Crucially for our topic, managing labor and leisure included issues of communication. During the first half of the nineteenth century there was a transformation from earlier methods of working at the handloom where weavers were famous for their singing.
Presumably, the factory was so noisy that in order for a weaver to be heard, he or she would have had to leave the loom and the work in order to stand close enough to be heard. If laborers could not talk or sing while working, and were organized into musical activities during off hours, then singing classes and brass bands not only provided an alternative to the pub, but were also outlets for a means of expression newly denied.
Rather than the free-flowing, random expression of the weaving shop, the mid-century worker labored silently during the day and was then given regulated words, a singing system, a group with which to perform and an overseeing instructor during leisure time.
Finally, workers were judged by their ability to perform within a specific system, both during and after the working day. One method of subjugating a mass of people is to objectify them: groups are turned into objects of knowledge when it is assumed that they are knowable and able to be manipulated, that they will learn what they are meant to, behave as they are supposed to, and generally function as classifiable objects.
Because the strategies in play in terms of the current subject include music, religion and education, however, it can be argued that a strictly materialist interpretation is too narrow. Yet even humanist practices can contain the people, organizing them into systems of belief and behavior already espoused by the more elite classes. Therefore, while Russell demonstrates that one goal of music for the masses was to ease the sharp divide in class boundaries by such methods as bringing people of different classes together in a single audience 28 , the very objectification of the people continued to act as a social divide, as did the perceived patronizing attitude toward this mode of cultural dissemination.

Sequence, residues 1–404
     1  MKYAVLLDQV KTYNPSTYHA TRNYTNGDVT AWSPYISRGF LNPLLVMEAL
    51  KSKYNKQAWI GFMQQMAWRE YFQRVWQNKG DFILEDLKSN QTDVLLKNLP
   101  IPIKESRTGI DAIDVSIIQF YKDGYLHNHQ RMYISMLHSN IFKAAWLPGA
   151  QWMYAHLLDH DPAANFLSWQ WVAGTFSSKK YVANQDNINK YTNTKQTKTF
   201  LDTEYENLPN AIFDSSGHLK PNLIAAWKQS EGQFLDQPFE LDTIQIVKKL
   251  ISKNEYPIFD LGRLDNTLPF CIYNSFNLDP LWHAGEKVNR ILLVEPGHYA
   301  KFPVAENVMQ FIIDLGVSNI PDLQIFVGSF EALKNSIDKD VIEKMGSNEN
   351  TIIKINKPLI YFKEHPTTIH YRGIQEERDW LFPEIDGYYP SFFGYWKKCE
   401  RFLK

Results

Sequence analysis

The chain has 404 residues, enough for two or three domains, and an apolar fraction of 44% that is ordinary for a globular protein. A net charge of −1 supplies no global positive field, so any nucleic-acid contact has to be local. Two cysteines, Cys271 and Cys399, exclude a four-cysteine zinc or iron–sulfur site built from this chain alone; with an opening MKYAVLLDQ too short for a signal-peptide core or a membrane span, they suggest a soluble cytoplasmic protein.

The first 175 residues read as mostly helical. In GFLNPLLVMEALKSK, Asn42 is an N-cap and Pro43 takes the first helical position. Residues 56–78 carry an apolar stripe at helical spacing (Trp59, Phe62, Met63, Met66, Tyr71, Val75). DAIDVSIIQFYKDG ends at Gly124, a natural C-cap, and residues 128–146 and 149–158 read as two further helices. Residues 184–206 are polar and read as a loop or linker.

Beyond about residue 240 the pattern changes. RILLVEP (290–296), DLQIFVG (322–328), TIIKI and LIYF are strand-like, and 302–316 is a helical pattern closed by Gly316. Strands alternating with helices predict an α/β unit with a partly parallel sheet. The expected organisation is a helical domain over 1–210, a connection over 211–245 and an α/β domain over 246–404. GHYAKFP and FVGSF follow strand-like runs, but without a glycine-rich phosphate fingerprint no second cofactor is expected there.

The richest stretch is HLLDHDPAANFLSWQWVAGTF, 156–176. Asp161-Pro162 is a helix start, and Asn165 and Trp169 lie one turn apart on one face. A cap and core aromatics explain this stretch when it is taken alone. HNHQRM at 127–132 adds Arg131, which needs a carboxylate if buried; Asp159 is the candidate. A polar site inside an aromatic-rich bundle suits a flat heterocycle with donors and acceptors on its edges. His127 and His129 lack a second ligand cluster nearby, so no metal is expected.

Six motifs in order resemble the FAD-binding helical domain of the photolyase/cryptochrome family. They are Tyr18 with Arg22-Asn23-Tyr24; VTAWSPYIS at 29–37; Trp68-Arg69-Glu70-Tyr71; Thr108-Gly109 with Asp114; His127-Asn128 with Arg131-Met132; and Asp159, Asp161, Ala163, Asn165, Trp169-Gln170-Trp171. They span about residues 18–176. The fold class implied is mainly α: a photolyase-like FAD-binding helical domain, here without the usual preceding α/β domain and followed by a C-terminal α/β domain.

People were schooled to find value in music, yes, but the fact is that music-making helped to improve quality of life and participants felt proud of their achievements. We eat, we sleep, we work, endlessly, ceaselessly work, from Monday morning till Saturday night, without remission. Cultivation of the mind? How is it possible? Those of us who are determined to live like human beings and require food for mind as well as body are obliged to take time which is necessary for sleep to gratify this desire.
As for recreation and enjoying the beauties of nature, the seasons come and go, and we have barely time to notice whether it is spring or summer. Indeed, beyond Tonic Sol-fa alone, music was generally perceived to have transcendent and transformative elements that worked alongside religion for the improvement of the masses.